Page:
Qantas Talks

Release date: 5/03/2014

Transport Workers Union National Secretary Tony Sheldon today said he would urge Qantas CEO Alan Joyce to reveal his future plans for the airline, and to back away from the proposed 5000 sackings, at talks in Sydney this afternoon.

On Thursday February 27, Qantas’ Board announced 5000 job cuts, but failed to outline a strategy to restore profitability.
“Regrettably, the Qantas Board is not willing to join its employees in supporting the airline’s future,” Mr Sheldon said
“The workforce has made clear it wants to discuss cost-saving measures to mitigate job losses, but the company simply isn’t interested.
“Taxpayers have a right to insist that Qantas and the Government explain how it will protect Australian jobs while they are encouraging foreign control.”
Mr Sheldon said he would be seeking from Mr Joyce:
·      Details of Qantas’ strategy to return to profitability;
·      A commitment to discuss cost savings to mitigate proposed job losses;
·      A commitment to rethink the failed Jetstar Asia strategy, which was the cause of Qantas’ half-year loss; and
·      A fair and even playing field for family incomes across the aviation industry.
Mr Sheldon said Qantas had misjudged their sackings announcement, made without consultation last Thursday.
“Public opinion has united against Qantas’ sacking and foreign takeover plans,” Mr Sheldon said.
“Political leaders like Clive Palmer and Senator Xenophon have also made clear the real cause for Qantas’ woes are the decisions of its Board.”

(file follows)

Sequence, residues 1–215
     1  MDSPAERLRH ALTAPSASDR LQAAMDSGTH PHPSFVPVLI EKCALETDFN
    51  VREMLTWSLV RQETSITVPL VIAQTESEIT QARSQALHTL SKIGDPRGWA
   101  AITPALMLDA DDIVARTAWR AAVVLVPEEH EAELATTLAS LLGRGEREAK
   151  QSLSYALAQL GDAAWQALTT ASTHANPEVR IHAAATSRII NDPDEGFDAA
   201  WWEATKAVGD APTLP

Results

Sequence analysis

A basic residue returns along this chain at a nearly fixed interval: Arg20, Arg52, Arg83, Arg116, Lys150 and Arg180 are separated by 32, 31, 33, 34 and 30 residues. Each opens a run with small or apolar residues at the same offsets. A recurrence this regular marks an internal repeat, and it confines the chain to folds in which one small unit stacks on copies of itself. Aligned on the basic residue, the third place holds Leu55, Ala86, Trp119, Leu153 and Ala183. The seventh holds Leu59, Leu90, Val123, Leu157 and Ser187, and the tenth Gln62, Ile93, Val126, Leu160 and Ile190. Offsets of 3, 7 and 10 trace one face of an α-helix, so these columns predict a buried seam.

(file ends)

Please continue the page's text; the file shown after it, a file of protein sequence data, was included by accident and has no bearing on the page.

Yesterday (4 March), Palmer United party leader Clive Palmer called for the Board and CEO to be sacked.
And last week (27 February), independent Senator Nick Xenophon said:
“Alan Joyce and the Qantas Board have brought one of the world’s great airlines and a national icon to its knees. Their botched strategy of pouring hundreds of millions of dollars into Jetstar’s Asian operations seems to be the real cause of the demise, and Australians shouldn’t believe Mr Joyce’s lame excuses.”
Mr Sheldon said the Qantas workforce was highly productive, and loyal to the airline where many had worked for decades.
On February 27, Qantas management reported that workforce productivity had increased by more than 22% in recent years.
Despite repeated promises of a pay freeze for executives, executive pay at Qantas has risen by 82% since 2010.
A 2011 Oxford Economics study found each Qantas baggage handler, check-in staff and ramp worker generated a $205,000 return to Qantas above the cost of their employment.

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